instruere...inlustrare...delectare Disputations

Tuesday, February 24, 2009

What's your problem?

The best and most practical piece of natural wisdom I know is this: The world is full of problems. Figure out which problems are yours, and try to solve them. Don't worry about the problems that aren't yours.

Put that way, it means figuring out which problems are yours is the primary problem of your life (logically speaking; it's not necessarily the most important or intractable problem). Here I'll just suggest three things about doing the figuring.

First, God has revealed some important things relevant to figuring out which problems are yours. If you don't make use of the supernatural wisdom God has provided, then any natural wisdom you might use is, in the end, building on sand.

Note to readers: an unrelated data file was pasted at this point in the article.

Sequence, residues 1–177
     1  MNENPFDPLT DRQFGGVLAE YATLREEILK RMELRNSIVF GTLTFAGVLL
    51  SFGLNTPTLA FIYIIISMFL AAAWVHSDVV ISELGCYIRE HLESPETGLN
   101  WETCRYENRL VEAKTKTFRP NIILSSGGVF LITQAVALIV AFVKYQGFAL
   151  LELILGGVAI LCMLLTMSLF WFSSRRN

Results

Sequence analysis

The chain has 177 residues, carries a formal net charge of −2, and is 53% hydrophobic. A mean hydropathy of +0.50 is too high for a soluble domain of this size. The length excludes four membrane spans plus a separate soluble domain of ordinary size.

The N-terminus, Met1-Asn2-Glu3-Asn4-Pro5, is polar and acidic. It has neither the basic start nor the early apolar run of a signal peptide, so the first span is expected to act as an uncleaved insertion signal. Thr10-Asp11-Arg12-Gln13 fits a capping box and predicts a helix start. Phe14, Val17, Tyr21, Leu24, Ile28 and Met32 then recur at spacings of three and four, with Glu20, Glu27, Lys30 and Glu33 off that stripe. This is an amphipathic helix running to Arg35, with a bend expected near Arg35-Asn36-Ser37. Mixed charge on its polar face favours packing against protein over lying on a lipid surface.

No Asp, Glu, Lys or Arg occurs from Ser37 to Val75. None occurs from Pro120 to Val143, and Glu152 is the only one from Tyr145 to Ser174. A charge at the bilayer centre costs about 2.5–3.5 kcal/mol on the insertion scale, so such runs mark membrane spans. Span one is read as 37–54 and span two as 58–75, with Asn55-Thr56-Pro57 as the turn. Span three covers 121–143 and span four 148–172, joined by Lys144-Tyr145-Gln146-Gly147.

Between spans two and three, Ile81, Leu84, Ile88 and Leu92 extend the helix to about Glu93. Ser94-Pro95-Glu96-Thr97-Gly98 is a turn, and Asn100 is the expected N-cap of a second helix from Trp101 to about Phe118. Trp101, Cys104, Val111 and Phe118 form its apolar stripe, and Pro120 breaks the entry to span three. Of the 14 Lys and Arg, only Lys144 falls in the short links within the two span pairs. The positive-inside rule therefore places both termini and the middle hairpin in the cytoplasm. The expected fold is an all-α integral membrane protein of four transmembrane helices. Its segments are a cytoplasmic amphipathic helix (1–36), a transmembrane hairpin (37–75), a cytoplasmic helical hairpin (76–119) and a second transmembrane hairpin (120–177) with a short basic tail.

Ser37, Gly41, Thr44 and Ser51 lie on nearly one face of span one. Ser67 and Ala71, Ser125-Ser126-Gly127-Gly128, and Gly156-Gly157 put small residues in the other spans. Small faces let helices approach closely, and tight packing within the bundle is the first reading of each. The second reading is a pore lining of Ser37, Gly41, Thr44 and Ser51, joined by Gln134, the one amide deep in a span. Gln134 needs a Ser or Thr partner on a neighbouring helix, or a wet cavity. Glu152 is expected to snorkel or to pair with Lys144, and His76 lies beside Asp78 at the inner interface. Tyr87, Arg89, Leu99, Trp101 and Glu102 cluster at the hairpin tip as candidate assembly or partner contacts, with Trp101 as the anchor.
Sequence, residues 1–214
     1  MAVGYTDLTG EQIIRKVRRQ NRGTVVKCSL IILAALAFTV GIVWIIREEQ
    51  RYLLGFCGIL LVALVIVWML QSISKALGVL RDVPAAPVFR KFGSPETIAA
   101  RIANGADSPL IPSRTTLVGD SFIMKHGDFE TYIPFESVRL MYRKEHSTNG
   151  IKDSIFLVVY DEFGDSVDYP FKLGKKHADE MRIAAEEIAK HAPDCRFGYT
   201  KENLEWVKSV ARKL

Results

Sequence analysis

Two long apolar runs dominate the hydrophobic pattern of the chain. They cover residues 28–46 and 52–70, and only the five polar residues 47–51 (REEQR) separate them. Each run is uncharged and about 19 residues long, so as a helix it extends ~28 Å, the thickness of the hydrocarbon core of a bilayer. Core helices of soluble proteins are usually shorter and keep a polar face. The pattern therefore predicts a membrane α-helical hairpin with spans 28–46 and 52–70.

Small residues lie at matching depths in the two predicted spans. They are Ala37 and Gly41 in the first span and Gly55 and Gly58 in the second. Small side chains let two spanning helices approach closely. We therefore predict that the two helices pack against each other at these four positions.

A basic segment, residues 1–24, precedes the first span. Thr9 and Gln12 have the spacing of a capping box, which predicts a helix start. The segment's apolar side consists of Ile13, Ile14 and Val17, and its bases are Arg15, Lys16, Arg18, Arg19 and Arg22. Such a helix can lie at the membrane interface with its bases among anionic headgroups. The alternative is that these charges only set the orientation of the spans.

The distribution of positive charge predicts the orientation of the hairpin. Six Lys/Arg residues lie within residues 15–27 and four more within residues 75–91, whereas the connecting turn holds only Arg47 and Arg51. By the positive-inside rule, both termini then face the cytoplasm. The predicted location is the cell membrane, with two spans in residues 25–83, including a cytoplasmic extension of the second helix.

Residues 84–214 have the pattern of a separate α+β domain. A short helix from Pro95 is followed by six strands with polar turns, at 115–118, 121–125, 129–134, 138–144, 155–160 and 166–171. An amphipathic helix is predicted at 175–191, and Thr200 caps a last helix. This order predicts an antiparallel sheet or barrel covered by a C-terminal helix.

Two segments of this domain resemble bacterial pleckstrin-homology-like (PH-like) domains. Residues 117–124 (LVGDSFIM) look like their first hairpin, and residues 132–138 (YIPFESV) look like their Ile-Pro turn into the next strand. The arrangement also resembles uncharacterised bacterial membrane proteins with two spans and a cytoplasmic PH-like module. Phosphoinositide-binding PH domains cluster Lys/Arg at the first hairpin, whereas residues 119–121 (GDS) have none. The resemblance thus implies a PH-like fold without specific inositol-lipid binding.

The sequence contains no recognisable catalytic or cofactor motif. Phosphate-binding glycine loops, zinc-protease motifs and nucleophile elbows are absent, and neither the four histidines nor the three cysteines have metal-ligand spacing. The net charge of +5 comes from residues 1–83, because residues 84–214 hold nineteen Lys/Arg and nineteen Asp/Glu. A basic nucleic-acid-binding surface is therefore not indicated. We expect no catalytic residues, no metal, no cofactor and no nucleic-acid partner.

Second, don't automatically assume that any problem presented to you is your problem. A given problem might be be yours, or it might be someone else's, or it might be shared by you and others, or it might not be anyone's. Many times, too, a shared problem turns out to be two related problems, one belonging to you and one belonging to the other; an obvious example is a parent helping a child with their homework, where the parent's problem is not to find out what "X" is but to help the child learn how to find it out.

Third, that a problem is interesting or important doesn't imply that it is your problem, and that it is your problem doesn't imply that it is interesting or important. Sure, acting to increase the interest and importance of your problems may itself be one of your problems (the career problem, broadly speaking). But the saying of the speck and the plank applies here; who denies that the one with a plank in his eye might genuinely find his neighbor's speck of far greater interest and import?